Paris–Rouen: the world’s first motor-race
Georges Lemaître classified 1st in his Peugeot 3hpOn July 22, 1894, the Parisian magazine Le Petit Journal organized what is considered to be the world’s first car race from Paris to Rouen. Sporting events were a tried and tested form of publicity stunt and circulation booster. Pierre Giffard, the paper’s editor, promoted it as a Competition for Horseless Carriages (Concours des Voitures sans Chevaux) that were not dangerous, easy to drive, and cheap during the journey. Thus it blurred the distinctions between a reliability trial, a general event and a race, but the main prize was for the first across the finish line in Rouen. 102 people paid the 10 franc entrance fee.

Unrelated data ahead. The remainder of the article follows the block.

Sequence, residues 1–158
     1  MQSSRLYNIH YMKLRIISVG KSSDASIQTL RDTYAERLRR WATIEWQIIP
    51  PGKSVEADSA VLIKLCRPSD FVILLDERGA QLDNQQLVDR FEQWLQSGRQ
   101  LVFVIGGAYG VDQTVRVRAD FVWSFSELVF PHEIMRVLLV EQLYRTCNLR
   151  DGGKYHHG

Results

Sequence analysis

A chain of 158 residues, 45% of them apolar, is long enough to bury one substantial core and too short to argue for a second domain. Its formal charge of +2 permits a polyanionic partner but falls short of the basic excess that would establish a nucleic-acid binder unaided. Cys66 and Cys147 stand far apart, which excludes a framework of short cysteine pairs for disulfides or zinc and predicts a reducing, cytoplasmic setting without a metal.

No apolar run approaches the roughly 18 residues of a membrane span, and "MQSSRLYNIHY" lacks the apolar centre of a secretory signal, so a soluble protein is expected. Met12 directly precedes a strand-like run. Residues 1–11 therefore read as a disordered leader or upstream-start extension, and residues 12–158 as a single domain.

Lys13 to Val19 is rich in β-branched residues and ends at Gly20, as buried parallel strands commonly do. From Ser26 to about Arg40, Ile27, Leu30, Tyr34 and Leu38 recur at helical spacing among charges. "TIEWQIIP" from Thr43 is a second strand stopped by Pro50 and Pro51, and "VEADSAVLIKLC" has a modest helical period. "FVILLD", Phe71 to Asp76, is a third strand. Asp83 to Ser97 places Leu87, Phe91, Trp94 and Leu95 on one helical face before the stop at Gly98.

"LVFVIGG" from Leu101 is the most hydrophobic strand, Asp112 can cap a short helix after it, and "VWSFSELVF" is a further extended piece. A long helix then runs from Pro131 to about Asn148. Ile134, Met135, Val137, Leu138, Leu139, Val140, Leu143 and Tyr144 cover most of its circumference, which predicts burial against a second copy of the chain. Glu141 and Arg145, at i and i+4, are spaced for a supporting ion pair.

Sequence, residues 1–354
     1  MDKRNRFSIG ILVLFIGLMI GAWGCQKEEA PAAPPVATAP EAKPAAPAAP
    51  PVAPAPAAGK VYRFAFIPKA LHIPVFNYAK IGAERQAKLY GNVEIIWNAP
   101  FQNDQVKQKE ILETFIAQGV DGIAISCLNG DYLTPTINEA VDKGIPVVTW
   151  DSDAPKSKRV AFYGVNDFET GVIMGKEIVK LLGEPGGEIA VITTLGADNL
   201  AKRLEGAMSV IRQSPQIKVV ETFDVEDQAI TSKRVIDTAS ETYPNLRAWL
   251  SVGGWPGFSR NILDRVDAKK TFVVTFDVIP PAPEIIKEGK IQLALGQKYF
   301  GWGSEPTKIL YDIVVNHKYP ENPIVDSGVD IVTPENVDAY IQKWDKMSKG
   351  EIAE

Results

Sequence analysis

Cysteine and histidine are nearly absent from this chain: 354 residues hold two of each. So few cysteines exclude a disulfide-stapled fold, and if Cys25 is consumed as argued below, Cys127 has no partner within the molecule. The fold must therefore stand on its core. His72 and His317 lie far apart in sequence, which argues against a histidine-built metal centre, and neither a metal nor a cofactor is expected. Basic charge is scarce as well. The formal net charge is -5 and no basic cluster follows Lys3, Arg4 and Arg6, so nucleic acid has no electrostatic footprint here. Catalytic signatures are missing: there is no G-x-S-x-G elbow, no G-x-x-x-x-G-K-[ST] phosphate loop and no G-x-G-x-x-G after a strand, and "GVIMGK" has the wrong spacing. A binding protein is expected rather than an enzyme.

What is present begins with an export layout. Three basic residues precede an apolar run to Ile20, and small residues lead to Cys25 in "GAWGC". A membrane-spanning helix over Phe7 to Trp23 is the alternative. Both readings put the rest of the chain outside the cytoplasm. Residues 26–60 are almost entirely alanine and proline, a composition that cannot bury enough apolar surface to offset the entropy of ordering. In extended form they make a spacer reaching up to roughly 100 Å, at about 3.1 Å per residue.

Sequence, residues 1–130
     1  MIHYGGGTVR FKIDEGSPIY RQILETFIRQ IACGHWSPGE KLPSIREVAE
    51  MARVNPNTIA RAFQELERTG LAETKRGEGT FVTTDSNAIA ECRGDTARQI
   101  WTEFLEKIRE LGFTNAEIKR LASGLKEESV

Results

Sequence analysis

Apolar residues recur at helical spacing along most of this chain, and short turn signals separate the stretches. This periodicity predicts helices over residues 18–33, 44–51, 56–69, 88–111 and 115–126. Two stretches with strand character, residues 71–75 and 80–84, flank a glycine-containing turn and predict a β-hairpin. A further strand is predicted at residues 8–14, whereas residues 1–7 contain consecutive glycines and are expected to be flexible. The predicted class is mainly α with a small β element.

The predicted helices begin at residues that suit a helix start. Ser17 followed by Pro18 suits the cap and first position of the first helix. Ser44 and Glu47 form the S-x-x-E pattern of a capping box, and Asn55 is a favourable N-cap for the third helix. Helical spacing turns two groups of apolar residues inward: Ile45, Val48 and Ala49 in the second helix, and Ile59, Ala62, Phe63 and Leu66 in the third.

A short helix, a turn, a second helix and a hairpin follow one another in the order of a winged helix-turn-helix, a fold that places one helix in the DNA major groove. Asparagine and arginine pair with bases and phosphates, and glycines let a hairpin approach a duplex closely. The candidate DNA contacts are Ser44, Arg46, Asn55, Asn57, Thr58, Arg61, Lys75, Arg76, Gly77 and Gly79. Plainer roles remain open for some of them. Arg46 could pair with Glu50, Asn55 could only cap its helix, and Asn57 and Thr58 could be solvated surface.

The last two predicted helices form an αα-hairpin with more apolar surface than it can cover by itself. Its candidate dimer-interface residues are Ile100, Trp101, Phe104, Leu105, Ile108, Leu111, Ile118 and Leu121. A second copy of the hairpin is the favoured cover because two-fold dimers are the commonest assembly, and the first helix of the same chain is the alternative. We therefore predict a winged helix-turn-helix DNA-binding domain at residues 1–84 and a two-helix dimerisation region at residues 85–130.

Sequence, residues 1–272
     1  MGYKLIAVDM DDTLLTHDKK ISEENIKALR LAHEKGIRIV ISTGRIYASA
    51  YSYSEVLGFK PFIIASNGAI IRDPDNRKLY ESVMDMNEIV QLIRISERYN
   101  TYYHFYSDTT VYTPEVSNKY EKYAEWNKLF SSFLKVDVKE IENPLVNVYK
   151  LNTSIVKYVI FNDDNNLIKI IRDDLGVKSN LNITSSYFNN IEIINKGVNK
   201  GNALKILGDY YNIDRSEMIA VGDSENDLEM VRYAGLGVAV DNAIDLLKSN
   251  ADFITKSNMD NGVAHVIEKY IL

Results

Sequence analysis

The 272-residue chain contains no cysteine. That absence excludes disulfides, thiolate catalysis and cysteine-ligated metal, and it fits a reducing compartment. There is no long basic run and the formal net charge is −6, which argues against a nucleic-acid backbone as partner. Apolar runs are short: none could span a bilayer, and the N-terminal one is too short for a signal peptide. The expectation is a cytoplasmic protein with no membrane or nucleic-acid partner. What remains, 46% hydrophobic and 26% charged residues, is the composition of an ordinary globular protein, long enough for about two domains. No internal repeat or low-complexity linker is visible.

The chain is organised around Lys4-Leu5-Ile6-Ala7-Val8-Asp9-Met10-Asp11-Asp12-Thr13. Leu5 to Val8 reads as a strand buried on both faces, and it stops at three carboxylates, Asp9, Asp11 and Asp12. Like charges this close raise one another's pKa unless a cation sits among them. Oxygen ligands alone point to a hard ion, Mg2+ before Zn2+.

69 cars started the 50 km (31 mi) selection event that would show which entrants would be allowed to start the main event, the 127 km (79 mi) race from Paris to Rouen. The entrants ranged from serious manufacturers like Peugeot, Panhard or De Dion to amateur owners, and only 25 were selected for the main race.